One big difference to Forex are the big spreads. A spread is the difference between ask and bid prices. The ask price is the highest price that someone wants for a given cryptocurrency, this is essentially the buying price. The bid price is the lowest price someone is willing to give you for a given cryptocurrency, this is basically the selling price.
Cryptocurrencies are highly volatile, risky and complex products. Due to wide price fluctuations, trading them may result in significant loss over a short period of time. Leverage can work both to your advantage and disadvantage. As a result, trading cryptocurrencies may not be suitable for all investors, and you should never invest money that you cannot afford to lose.
Launched in 2015, Ethereum is a decentralized software platform that enables Smart Contracts and Distributed Applications (DApps) to be built and run without any downtime, fraud, control or interference from a third party. The applications on ethereum are run on its platform-specific cryptographic token, ether. Ether is like a vehicle for moving around on the ethereum platform, and is sought by mostly developers looking to develop and run applications inside ethereum, or now by investors looking to make purchases of other digital currencies using ether. During 2014, ethereum launched a pre-sale for ether which received an overwhelming response; this helped to usher in the age of the initial coin offering (ICO). According to ethereum, it can be used to “codify, decentralize, secure and trade just about anything.” Following the attack on the DAO in 2016, Ethereum was split into Ethereum (ETH) and Ethereum Classic (ETC). As of February 9, 2019, Ethereum (ETH) had a market cap of $12.49 billion and a per token value of $118.71.
There is also an Ethereum-based ETF pending regulatory review, and many such products are likely to follow. For now, there are just a few options available. For example, ticker symbol GBTC is one such security listed on the US-based OTC Markets Exchange, and is available at major online brokerages such as Fidelity, providing stock market investors a way to gain exposure to Bitcoin without buying the underlying or using a derivative.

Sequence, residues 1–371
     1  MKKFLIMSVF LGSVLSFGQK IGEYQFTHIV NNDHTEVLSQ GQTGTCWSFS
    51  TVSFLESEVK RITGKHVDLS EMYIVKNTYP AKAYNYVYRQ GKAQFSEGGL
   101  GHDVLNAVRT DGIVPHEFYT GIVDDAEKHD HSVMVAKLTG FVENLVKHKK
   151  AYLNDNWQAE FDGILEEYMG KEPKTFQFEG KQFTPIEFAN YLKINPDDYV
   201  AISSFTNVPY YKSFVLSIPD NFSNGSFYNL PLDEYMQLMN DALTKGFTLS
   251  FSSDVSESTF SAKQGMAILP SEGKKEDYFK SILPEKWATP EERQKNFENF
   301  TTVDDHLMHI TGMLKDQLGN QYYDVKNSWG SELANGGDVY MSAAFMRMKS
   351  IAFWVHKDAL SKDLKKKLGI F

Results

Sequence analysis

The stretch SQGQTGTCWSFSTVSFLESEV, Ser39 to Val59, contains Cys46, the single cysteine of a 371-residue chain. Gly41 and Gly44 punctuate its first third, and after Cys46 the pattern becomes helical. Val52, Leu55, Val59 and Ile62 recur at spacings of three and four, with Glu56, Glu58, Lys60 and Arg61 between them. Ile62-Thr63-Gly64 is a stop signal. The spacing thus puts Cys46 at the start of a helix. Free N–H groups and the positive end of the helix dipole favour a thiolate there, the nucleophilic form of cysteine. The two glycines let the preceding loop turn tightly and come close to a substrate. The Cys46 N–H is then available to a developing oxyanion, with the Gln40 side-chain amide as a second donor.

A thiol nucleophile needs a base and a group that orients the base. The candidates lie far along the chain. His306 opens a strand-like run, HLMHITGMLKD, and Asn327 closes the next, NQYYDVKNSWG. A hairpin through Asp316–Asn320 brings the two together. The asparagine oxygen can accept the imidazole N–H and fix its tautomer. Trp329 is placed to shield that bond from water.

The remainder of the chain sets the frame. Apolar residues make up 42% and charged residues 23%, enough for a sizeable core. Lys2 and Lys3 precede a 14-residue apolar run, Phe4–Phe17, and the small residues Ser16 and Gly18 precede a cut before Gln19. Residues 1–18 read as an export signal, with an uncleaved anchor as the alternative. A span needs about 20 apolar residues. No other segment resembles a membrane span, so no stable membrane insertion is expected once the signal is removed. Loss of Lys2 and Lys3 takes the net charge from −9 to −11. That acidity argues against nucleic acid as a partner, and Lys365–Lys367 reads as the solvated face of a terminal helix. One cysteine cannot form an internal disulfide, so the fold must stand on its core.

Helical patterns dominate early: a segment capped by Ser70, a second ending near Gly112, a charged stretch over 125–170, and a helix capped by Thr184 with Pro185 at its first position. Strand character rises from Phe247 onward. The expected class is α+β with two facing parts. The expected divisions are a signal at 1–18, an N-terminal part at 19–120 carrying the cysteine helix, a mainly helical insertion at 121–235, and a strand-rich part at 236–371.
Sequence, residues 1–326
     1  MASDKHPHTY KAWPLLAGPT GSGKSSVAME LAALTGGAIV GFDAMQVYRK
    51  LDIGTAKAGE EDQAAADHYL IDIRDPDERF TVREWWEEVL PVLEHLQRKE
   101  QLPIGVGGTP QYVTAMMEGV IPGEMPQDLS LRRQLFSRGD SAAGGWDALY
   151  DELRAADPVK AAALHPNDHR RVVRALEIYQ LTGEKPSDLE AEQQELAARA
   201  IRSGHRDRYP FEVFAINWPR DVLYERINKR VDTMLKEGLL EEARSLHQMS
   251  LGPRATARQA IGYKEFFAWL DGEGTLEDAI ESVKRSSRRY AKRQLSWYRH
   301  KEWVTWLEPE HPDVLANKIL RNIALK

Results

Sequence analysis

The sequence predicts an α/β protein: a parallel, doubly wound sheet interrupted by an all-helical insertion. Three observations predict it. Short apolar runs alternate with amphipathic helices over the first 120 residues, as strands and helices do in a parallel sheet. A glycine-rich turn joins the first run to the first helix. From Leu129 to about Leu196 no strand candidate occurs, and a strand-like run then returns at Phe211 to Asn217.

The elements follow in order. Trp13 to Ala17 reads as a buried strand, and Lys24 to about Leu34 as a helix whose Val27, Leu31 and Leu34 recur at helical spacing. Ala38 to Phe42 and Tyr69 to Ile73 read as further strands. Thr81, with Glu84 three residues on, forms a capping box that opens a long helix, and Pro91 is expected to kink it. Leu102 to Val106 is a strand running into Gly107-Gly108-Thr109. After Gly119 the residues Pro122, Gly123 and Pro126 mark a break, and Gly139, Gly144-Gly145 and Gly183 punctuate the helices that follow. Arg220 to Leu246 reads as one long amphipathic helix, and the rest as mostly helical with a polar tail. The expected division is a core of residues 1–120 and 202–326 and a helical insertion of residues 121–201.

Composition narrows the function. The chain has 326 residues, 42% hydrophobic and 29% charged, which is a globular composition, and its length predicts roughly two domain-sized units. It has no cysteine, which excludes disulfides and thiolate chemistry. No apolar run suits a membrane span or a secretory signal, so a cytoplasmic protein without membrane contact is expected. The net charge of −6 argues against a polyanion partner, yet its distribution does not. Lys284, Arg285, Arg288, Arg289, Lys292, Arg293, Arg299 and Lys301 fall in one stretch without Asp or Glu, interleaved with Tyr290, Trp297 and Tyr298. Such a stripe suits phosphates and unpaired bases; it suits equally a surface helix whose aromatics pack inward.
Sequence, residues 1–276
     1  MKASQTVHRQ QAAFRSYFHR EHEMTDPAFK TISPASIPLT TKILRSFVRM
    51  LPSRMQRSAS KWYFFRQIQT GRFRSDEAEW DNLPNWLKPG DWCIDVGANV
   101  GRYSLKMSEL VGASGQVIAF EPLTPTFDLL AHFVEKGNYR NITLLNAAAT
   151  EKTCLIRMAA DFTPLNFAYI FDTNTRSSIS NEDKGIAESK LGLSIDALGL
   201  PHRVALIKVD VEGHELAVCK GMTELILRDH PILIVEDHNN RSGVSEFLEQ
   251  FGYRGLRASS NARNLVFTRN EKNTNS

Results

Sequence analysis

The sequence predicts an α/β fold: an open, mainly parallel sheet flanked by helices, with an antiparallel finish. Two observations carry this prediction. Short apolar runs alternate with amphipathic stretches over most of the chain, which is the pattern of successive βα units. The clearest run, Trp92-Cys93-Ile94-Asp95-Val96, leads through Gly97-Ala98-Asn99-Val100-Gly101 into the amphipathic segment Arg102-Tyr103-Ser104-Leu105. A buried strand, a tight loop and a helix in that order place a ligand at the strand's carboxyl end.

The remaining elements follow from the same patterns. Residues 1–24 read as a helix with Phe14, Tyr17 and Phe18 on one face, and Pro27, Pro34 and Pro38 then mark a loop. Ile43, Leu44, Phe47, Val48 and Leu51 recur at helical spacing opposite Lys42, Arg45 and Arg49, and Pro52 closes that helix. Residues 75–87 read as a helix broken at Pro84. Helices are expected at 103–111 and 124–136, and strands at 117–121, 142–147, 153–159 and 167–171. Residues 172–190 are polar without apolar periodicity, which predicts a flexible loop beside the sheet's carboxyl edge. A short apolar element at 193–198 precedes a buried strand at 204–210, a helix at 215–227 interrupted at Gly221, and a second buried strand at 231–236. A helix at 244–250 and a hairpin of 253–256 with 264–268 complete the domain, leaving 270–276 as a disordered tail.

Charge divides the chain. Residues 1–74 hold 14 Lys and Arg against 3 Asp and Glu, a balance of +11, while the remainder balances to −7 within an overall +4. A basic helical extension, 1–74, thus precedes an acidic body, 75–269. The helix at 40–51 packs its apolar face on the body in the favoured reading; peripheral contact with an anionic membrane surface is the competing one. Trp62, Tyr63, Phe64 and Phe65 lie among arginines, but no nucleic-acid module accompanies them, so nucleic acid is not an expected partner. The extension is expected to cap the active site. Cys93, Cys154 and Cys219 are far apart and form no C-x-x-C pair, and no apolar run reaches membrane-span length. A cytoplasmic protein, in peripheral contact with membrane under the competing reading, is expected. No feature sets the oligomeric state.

On cryptocurrency mining: As noted, one way to invest in cryptocurrency is via cryptocurrency mining. That is a valid way to start investing if say you love computer gaming and need a new rig and want to invest in small amounts of cryptocurrency while maybe making back some of the cost of the rig (and maybe even breaking even) but that is an entirely different subject. The average investor will want to trade USD for cryptocurrency on an exchange and avoid the complexities and investments of mining. In all cases, unless you already have a good rig with a great graphics card, you’ll need to put down USD upfront anyway.
In 2018, the US Securities and Exchange Commission maintained that "if a platform offers trading of digital assets that are securities and operates as an "exchange," as defined by the federal securities laws, then the platform must register with the SEC as a national securities exchange or be exempt from registration".[22] The Commodity Futures Trading Commission now permits the trading of cryptocurrency derivatives publicly.[23]
The first decentralized cryptocurrency, bitcoin, was created in 2009 by pseudonymous developer Satoshi Nakamoto. It used SHA-256, a cryptographic hash function, as its proof-of-work scheme.[14][15] In April 2011, Namecoin was created as an attempt at forming a decentralized DNS, which would make internet censorship very difficult. Soon after, in October 2011, Litecoin was released. It was the first successful cryptocurrency to use scrypt as its hash function instead of SHA-256. Another notable cryptocurrency, Peercoin was the first to use a proof-of-work/proof-of-stake hybrid.[16]